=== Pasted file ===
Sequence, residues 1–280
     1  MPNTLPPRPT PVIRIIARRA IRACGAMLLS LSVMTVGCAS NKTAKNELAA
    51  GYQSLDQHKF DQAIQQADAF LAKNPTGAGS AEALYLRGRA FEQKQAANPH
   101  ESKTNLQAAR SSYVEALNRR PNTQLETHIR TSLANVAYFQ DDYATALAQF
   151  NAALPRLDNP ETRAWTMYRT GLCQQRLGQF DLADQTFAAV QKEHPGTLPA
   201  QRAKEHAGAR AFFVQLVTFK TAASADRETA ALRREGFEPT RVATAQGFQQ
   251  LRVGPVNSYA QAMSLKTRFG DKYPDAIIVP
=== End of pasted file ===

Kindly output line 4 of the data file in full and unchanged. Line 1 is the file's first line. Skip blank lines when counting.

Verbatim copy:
   101  ESKTNLQAAR SSYVEALNRR PNTQLETHIR TSLANVAYFQ DDYATALAQF